LAUREL – Personal grooming can become costly, especially when individuals who are living below the federal poverty line are already struggling to meet their basic needs. And although proper personal hygiene is important, it is easy to understand why homeless people with little or no financial resources can fall short. Robert W. Cradle, managing director of […]
LAUREL – Personal grooming can become costly, especially when individuals who are living below the federal poverty line are already struggling to meet their basic needs. And although proper personal hygiene is important, it is easy to understand why homeless people with little or no financial resources can fall short.
Robert W. Cradle, managing director of Rob’s Barbershop Community Foundation (RBCF), took notice that disadvantaged youth and adults who utilize residential, transitional and emergency housing facilities could use a little help to maintain a neat and clean appearance. So, in 2000, the Anne Arundel County resident who has a background in barbering founded a unique nonprofit which fills a noticeable void and helps others in need to build their self-confidence.
“What we do is we operate projects that provide no-charge grooming services for populations who lack access to regular grooming and hygiene,” Cradle said. “We cover haircuts, hairstyles, chemical services, shampoos and anything that we can and would receive in a barber and beauty shop.”
The Woodland Grooming Project will be a full-service, unisex barbershop and beauty shop for residential students at Woodland Job Corps Center, a no-cost educational and career technical training program located at 3300 Fort Meade Road in Laurel. Cradle said he was contacted through RBCF’s website about grooming challenges of residential students. And now, after Cradle gathered more information, visited in-person, then discussed the prospect of funding the project with board members, RBCF’s first full-scale grooming project in Prince George’s County is underway and expected to open in the next few months.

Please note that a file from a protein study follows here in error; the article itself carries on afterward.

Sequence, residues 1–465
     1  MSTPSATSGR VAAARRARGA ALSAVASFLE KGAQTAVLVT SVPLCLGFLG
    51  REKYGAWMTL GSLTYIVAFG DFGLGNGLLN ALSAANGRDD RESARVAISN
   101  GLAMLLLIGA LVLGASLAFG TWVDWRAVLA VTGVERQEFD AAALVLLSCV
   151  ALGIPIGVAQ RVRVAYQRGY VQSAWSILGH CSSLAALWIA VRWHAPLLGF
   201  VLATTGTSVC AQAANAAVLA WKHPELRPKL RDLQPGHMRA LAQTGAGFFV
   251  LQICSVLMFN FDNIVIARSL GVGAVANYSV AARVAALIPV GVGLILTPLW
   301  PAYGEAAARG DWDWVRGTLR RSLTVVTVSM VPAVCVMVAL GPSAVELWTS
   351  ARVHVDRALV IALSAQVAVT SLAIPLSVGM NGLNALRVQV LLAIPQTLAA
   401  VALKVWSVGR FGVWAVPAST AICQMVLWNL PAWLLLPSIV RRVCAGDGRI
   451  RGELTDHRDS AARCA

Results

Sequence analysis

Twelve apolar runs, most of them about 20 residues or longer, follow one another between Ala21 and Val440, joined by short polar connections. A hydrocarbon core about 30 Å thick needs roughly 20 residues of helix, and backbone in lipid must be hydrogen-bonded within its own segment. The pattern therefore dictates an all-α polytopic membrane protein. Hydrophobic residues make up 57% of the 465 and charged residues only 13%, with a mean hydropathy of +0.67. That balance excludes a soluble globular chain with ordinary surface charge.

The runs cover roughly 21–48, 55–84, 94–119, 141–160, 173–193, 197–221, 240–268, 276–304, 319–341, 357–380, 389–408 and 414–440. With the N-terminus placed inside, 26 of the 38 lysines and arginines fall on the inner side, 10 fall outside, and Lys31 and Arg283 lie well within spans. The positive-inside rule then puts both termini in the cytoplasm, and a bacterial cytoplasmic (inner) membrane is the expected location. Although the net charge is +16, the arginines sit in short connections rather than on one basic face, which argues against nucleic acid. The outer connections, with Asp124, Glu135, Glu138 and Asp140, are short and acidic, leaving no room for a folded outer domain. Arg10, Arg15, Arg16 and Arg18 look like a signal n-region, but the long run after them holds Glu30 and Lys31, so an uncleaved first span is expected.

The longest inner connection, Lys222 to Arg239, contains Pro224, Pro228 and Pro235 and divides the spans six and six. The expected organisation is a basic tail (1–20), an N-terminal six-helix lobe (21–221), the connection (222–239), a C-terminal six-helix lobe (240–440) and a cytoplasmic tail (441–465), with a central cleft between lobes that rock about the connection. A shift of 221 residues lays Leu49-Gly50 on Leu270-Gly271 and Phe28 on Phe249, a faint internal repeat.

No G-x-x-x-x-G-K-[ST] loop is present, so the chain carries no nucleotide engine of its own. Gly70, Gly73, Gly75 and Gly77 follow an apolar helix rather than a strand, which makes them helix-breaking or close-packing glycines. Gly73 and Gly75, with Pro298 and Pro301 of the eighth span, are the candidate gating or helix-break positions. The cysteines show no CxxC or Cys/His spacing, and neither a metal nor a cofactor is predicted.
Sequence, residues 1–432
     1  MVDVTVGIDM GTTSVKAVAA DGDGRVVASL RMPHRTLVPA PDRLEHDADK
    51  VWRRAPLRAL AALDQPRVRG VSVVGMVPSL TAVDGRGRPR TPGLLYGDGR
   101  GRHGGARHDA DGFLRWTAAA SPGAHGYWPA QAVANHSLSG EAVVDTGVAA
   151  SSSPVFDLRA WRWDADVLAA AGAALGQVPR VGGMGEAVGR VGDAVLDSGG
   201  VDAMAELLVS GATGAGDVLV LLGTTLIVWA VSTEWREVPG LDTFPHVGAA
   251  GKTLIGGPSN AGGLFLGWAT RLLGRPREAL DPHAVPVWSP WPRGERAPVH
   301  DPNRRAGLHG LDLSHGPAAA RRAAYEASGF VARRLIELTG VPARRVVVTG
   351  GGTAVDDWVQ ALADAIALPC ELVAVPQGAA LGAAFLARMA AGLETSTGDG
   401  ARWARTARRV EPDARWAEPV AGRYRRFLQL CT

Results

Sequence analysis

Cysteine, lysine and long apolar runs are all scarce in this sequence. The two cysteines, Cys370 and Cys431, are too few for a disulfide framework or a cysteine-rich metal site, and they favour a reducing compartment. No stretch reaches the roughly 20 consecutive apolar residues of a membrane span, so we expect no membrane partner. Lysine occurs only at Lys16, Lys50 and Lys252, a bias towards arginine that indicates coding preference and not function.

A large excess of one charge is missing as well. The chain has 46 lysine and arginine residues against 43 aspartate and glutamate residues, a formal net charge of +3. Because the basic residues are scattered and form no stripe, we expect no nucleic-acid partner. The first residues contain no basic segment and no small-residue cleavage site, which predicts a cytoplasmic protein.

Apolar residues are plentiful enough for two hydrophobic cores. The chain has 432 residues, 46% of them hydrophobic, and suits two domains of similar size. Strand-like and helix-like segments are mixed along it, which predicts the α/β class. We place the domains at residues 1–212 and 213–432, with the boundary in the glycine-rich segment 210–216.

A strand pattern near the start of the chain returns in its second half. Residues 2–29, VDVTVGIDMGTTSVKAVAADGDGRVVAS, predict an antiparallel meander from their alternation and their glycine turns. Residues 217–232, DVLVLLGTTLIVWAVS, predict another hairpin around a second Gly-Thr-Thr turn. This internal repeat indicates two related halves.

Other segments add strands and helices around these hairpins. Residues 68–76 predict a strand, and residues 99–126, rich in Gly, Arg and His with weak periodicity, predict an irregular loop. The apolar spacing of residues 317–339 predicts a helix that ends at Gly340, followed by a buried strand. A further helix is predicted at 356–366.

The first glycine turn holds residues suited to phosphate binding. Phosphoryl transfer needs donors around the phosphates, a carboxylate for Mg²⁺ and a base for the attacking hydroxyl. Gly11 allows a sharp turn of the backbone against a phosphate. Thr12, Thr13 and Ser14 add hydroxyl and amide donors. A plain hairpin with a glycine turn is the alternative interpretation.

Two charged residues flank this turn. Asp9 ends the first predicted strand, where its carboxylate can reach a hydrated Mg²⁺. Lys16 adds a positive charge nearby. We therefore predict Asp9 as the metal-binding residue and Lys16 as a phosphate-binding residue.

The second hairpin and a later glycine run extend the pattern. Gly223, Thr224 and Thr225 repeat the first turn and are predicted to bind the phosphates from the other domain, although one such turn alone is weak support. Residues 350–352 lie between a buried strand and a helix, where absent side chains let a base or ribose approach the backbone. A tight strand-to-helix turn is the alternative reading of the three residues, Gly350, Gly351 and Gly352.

Although online pledges will help cover the cost of the forthcoming facility, Cradle said RBCF’s board decided to fund the project themselves. Cradle estimated the project, which will include installation of multipurpose chairs, a salon hair dryer, shampoo bowls, stations, and fixtures for clippers and supplies, should be completed by springtime. RBCF has previously completed similar projects in Anne Arundel County, Baltimore and Washington, D.C.
Despite spreading goodwill in communities for many years, Cradle said he still feels a sense of excitement when a new project is established.
“There’s always a sense of accomplishment afterwards, but the main thing is it makes me feel really useful when I’m able to create a space that becomes functional for a group that may not have access to grooming and hygiene (services).”
The completed project at Woodland Job Corps Center is expected to help students who live on the campus to prepare for job interviews, in addition to maintaining their appearance. Professional barbers and hair stylists who are willing to give back to the community will provide free grooming services. However, Cradle hopes residential students who have grooming skills will be permitted to have access to the equipment and help to keep each other groomed.
Joann R. Price, the current chairman of RBCF, explained some of the inner workings of the nonprofit. Among her many duties, she is responsible for board governance, reviewing strategic plans, reviewing project and grant proposals and providing financial support to the foundation.
“There are currently five board members who in various amounts financially support RBCF on a regular basis. Each individual board member has a fund. All contributions are placed in their individual fund account,” Price said. “Normally one or two board members are asked to support a project. The funds to underwrite the Woodland Grooming Project will come from one or more of the board member’s funds.”
Price also said providing financial assistance for projects is a part of the responsibilities of board members. According to Price, providing financial support is necessary since they solicit funds in good faith on behalf of RBCF from other sources. As the project in Laurel moves forward in phases, the long-term impact will be measurable.
“The project at the Woodland Job Corps Center will benefit the more than 300 students, both male and female, when we provide the equipment to set up a hair salon within the training center,” Price said. “This shop will enable the students to keep themselves groomed and will be available 24 hours.
“Forms will be available for the reporting requirements and the center will obtain volunteers who will be available to provide no-cost grooming services. The salon indeed will benefit the students-residents in that instead of using part of their monthly stipends for hair care, they will be able to groom their hair in the shop. Additionally, my theory is that when you look good, you feel good and you do good.”
To learn more about RBCF, visit www.therbcf.com.